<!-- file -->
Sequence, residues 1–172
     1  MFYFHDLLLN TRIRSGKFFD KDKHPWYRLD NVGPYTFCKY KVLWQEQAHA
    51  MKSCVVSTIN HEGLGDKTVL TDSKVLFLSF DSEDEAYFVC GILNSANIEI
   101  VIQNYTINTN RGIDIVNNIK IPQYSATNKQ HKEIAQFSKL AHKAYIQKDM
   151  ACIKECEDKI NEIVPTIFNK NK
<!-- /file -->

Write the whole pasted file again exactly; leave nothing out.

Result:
Sequence, residues 1–172
     1  MFYFHDLLLN TRIRSGKFFD KDKHPWYRLD NVGPYTFCKY KVLWQEQAHA
    51  MKSCVVSTIN HEGLGDKTVL TDSKVLFLSF DSEDEAYFVC GILNSANIEI
   101  VIQNYTINTN RGIDIVNNIK IPQYSATNKQ HKEIAQFSKL AHKAYIQKDM
   151  ACIKECEDKI NEIVPTIFNK NK